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  3. On Post-Heideggerean Difference: Derrida and Deleuze.Daniel Colucciello Barber - 2009 - Southern Journal of Philosophy 47 (2):113-129.
    This paper takes up the Heideggerean question of difference. I argue that while Heidegger raises this question, his response to the question remains ambiguous and that this ambiguity pivots around the question of time. The bulk of the paper then looks at how Derrida and Deleuze respectively attempt to advance beyond Heidegger’s ambiguity regarding the questions of difference and time. Derrida is able to demonstrate the manner in which time—as delay—is constitutive of any attempt to think difference. I argue, however, (...)
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  4. Fatally Confused: Telling the Time in the Midst of Ecological Crises.Michelle Bastian - 2012 - Journal of Environmental Philosophy 9 (1):23-48.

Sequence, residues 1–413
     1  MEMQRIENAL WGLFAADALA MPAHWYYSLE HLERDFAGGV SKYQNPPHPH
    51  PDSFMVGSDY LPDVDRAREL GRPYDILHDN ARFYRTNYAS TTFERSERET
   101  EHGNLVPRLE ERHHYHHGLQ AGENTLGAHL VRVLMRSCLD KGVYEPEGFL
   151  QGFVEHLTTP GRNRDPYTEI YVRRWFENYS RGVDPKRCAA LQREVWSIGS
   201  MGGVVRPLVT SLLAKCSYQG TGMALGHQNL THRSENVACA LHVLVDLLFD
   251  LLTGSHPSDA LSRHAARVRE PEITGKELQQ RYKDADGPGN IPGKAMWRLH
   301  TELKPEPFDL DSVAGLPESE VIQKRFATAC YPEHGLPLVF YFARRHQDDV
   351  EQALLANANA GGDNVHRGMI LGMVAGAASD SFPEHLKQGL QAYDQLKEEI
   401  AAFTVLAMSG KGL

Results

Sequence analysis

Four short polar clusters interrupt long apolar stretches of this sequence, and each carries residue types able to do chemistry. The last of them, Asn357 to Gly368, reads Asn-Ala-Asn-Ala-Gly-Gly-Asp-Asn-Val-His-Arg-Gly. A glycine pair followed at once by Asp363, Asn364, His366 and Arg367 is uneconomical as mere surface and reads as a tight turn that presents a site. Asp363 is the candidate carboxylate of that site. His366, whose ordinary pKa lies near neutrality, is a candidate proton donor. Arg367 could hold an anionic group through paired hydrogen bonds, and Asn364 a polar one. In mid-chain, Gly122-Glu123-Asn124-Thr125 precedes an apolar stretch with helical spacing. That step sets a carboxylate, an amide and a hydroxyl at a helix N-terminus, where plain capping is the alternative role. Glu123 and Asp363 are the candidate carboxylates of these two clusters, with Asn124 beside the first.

Focusing particularly on the role of the clock in social life, this article explores the conventions we use to “tell the time.” I argue that although clock time generally appears to be an all-encompassing tool for social coordination, it is actually failing to coordinate us with some of the most pressing ecological changes currently taking place. Utilizing philosophical approaches to performativity to explore what might be going wrong, I then draw on Derrida’s and Haraway’s understandings of social change in order (...)
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  5. Inventing Nature: Re-Writing Time and Agency in a More-Than-Human World.Michelle Bastian - 2009 - Australian Humanities Review 47:99-116.
    This paper is a response to Val Plumwoods call for writers to engage in ‘the struggle to think differently’. Specifically, she calls writers to engage in the task of opening up an experience of nature as powerful and as possessing agency. I argue that a critical component of opening up who or what can be understood as possessing agency involves challenging the conception of time as linear, externalised and absolute, particularly in as much as it has guided Western conceptions of (...)